2000-12-30 / Front Page

Crime Down In Rockaway

What A Difference A Year Makes
By Joan Ward George

Crime statistics continued to drop steadily across the entire Rockaway peninsula during 2000 with some dramatic decreases in the 100 Precinct in murder, assault, burglary and grand larceny.

Major crime categories such as murder, rape, robbery, assault, burglary, grand larceny and auto theft reached a total of 556 in 1999. For the reporting period of December 17, 1999 to December 17, 2000, the 100 Precinct had 508 total crimes in the major categories. This decrease by 8.63 percent is two percent better than the average decrease across all Queens Borough South precincts.

The 100 Precinct reported 11 rapes this year as compared to 3 in 2000; robbery was up by 3.3 percent from 91 in 1999 to 94 in 2000; and auto theft was up 6.0 percent from 67 in 1999 to 71 in 2000.

The 101 Precinct showed some declines in robbery, assault, burglary and grand larceny, with reported overall crimes in the major index categories of 1,414 for 1999 and 1,397 for the same period ending December 19, 2000. This represents an overall crime reduction in the 101 Precinct of 1.2 percent. There were seven murders in the 101 in 1999, compared to nine in 2000. Rapes rose from 22 in 1999 to 37 in 2000. Auto thefts were up 17.2 percent with 204 reported in 1999, as compared to 239 in 2000. However robbery was down 2.1 percent; assault down 5.8 percent; burglary down 8.6 percent; and grand larceny down 7.7 percent.

Although the decline in crime stats in the 101 Precinct might not appear all that impressive in the latest report, it is important to note that from July, 2000 to the first week in December, crime decreased 11 percent for the same period last year. Credit for this steady decline in major crimes has been given to 101 Precinct Commanding Officer Deputy Inspector Gary Scirica.

Scirica who was transferred from the 100 to the 101 Precinct in July, 2000 found the Far Rockaway precinct at a 10 percent increase in crime for the same period of the previous year.

Scirica approached the problems in the 101 Precinct with a three-fold initiative program. First, "Operation Riptide", which essentially meant the reorganization of the resources available to his command. These included, rearranging everyone’s work schedules so that their on-duty hours would coincide with the times when crimes were occurring in the precinct. Additionally, Scirica reached out to Queens Borough Patrol for help from their robbery, warrants, and gang units, as well as for additional narcotics coverage.

"Operation Welcome Home" was also started up by Scirica recently at the 101 Precinct. This initiative calls for all parolees returning to residences in the neighborhood to actually report to their parole officers at the precinct. Therefore, when the parolees into see their parole officers, they know the police in the precinct are aware that they are back on the street, and the police are aware of any restrictions that might have been placed on them by their parole board.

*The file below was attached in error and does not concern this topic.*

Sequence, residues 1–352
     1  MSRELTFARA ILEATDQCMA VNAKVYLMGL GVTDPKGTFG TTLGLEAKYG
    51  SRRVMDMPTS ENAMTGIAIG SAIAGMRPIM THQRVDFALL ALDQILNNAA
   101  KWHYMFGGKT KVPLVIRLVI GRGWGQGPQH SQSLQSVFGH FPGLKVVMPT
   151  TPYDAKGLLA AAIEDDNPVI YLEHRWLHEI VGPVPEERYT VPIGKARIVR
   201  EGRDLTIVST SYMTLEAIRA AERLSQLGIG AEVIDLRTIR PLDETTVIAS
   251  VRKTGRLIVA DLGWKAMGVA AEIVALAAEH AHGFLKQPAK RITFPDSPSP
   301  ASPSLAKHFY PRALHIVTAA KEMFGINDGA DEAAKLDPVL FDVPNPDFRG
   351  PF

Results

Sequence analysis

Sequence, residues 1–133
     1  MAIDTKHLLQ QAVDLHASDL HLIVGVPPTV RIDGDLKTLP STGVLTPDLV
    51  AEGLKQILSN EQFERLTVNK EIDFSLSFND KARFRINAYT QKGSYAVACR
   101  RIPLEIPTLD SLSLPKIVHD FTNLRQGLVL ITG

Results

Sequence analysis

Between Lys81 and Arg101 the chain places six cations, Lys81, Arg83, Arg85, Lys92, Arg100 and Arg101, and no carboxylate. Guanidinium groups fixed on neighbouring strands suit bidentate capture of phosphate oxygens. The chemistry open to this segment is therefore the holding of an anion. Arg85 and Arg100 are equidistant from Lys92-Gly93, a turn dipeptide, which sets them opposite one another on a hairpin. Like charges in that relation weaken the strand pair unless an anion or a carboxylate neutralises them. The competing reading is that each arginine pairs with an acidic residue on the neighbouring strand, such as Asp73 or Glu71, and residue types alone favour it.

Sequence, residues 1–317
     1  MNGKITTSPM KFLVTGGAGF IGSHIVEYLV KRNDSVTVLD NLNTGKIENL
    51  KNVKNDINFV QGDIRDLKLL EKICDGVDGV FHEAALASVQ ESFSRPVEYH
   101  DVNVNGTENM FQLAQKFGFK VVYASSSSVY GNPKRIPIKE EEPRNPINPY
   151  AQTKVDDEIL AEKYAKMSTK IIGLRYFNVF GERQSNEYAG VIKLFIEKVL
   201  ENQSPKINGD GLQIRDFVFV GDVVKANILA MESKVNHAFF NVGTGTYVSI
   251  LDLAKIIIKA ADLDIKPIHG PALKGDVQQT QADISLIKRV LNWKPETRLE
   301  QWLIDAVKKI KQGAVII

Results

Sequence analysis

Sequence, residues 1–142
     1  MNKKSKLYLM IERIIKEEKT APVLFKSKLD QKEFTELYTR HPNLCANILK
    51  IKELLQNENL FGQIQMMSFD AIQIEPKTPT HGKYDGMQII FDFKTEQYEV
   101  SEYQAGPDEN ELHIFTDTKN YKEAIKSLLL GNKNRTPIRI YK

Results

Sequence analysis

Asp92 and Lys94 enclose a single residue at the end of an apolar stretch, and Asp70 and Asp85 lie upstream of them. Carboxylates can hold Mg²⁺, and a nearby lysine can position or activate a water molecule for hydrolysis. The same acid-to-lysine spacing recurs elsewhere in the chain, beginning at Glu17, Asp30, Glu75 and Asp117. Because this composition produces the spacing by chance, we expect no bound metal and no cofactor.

Scirica attributes the steady decline in crime to the cops a the 101 Precinct. "They are taking a lot of guns off the street," Scirica said. "I also appreciate the community the way they take time out to work with the cops." According to Scirica, the two basic things that make it possible to fight crime are the cops and the community working together toward that common goal.

100 Precinct Commander Captain John Miller attributes his command’s decline in major crimes this year to the cops just working harder and harder. "The really big thing we have going for us in the 100 Precinct is that we have a really good liaison with the community and they let us know what is going on and that’s how we are able to keep on top of things," Miller said.

Deputy Inspector Michael Morley, Operations Commander, Patrol Borough Queens South, credits the steady reduction in crime in the 100 and 101 Precincts directly to Scirica and Miller. "They are very effective commanding officers who are constantly watching out to improve quality of life in the Rockaways and they utilize effective crime strategies and follow up on all leads," Morley said. Prior to his promotion to Deputy Inspector and transfer to the borough command, Morley served as the commanding officer of both the 100 and 101 Precincts.

Both commanding officers stress that the citizens of Rockaway continue in their efforts of staying involved with community issues. If something or someone seems suspicious, the police want you to let them know. You don’t have to get involved directly, in fact, you should not. However, keeping an eye out for yourself, your family and your neighborhood and keeping contact with your local police is a good way to continue the crime decline on the peninsula.

After studying the most recent crime statistics report Queens District Attorney Richard A. Brown announced last week that the precincts that compromise Queens South, including the 100 and 101 Precincts, major crimes have declined again this year overall by 6.71 percent.

"The Police Department’s crime control strategies and our office’s focus on career criminals and other violent predators continues to drive down the rate of robberies, burglaries and other violent street crime," Brown said. "In addition, our office’s proactive investigations of organized narcotics trafficking across Queens has also helped eliminate much of the violence that ordinarily plagues areas afflicted by drug trafficking. It is clear that enhanced investigative efforts and heightened narcotics enforcement, as well as our persistence in convicting career criminals and repeat offenders, have ad a major impact on crime in Queens County."

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